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Uplifting Service

By Jim Mikula, President/CEO

“Uplifting Service” is a NY Times best selling book by global service expert, Ron Kaufman. Having learned about his work in the early 2000s, I enthusiastically embraced the core concepts and with his permission have presented his work as part of keynote speeches and workshops. For the past 20-plus years, I’ve seen how embodying Ron’s principles in service delivery produces happy customers – even raving fans! As he says, it’s all in the mindset, which is something that any of us can adopt, regardless of whether we are serving customers, trying to be a good employee, coworker or friend.

Based on his research and working with local and global companies big and small Ron has defined four categories of value that all businesses provide: Primary Products and Services, Delivery Systems, Service Mindset, and On Going Relationships. It probably goes without saying that the products, services and the ways that they are delivered are really important, but my experience tells me that it’s the Service Mindset and On Going Relationships that most often make the difference in the degree of success of a business.

The Service Mindset includes the service values and service standards that a business stands for and how they train their staff on these. But, ultimately, it’s how they actually interact with customers that is the proof in the pudding: are the customer interactions transactional or are they rooted in building a relationship?

Using his creative style, Ron developed a fairly simple way to think of customer satisfaction. It consists of six levels, and this applies to product, service and delivery systems. You can think of it like a five-story building.  The ground floor is Basic – doing the bare minimum. The second floor is Expected – just average. The third floor is Desired – which is what the customer prefers. The fourth floor is Surprising – something very special (getting interesting, right?). The fifth and top floor is what Ron calls Unbelievable – what we all might call a WOW!! experience. You might be wondering about the sixth floor…well, it’s the basement – that’s when even Basic levels of product and/or service are not reached, and Ron calls that Criminal.

When a customer experiences products/services and delivery systems the first time it could be an unbelievable or even surprising experience. (Think about the creation of ride-sharing like Uber or tapping your credit card to pay.) As the customer has future experiences with the product/service or delivery system the customer’s evaluation moves downward to expected or basic. We often think of new technologies or innovations as “WOW,” but we soon take them for granted.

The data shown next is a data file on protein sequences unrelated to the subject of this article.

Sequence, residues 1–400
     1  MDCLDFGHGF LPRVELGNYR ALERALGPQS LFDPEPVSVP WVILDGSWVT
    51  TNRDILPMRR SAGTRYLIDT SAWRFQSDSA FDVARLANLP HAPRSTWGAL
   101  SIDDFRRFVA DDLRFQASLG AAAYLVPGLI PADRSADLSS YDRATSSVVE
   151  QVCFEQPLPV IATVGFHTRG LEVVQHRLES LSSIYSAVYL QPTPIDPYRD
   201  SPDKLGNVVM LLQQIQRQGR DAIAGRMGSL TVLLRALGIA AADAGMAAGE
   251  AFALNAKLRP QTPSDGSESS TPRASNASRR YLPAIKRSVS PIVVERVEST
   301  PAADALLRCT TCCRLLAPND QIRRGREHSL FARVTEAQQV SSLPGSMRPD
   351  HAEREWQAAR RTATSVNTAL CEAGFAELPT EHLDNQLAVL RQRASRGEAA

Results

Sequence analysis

It is only the Service Mindset and Ongoing Relationships that have a chance of resisting this downward pull or erosion of appreciation. Customers value the service experience and a relationship as more important than products or delivery systems. Some of you might remember the sitcom, Cheers, and the regular customers in the show were always recognized, especially Norm. When he walked into the bar, his favorite seat was always available and a draft beer was placed in front of him in seconds. This is a fun example of Service Mindset and Ongoing Relationship. The beer was basic or expected.

So, how do you create the Unbelievable? The first step is to truly understand your customer’s perceptions of their experience with you. That means critically examining your customers’ journey from the first time they learn about you all the way through to purchase and beyond. Ask your staff what they observe about and hear from customers, and learn about their challenges in delivering service. Ask your customers for honest feedback and suggestions for improvement. Is their overall experience hovering around Basic and Expected or is it consistently hitting a higher level? Are you delivering on an occasional unbelievable?

What I have learned from Ron and other service experts is that it takes discipline, critical thinking, and curiosity to design and implement a service mindset culture and to build relationships with customers intentionally. In some ways, I think it is a courageous act to design and deliver Unbelievable experiences.

To learn more, go to His newsletters are informative and sometimes quite humorous.

Circling back to how the five-story metaphor relates to co-worker relationships. We can all benefit from taking stock of how we are contributing to a good team experience. Are we just Basic or Expected in our interactions with teammates? Since the pandemic, it seems that so many businesses are short-handed or lean, so it’s hard to imagine doing more. But, we’re all in the same boat, so that extra effort to interact in a Desired or Surprising way with co-workers – doing something special or unexpected - might be Uplifiting  for the whole team.

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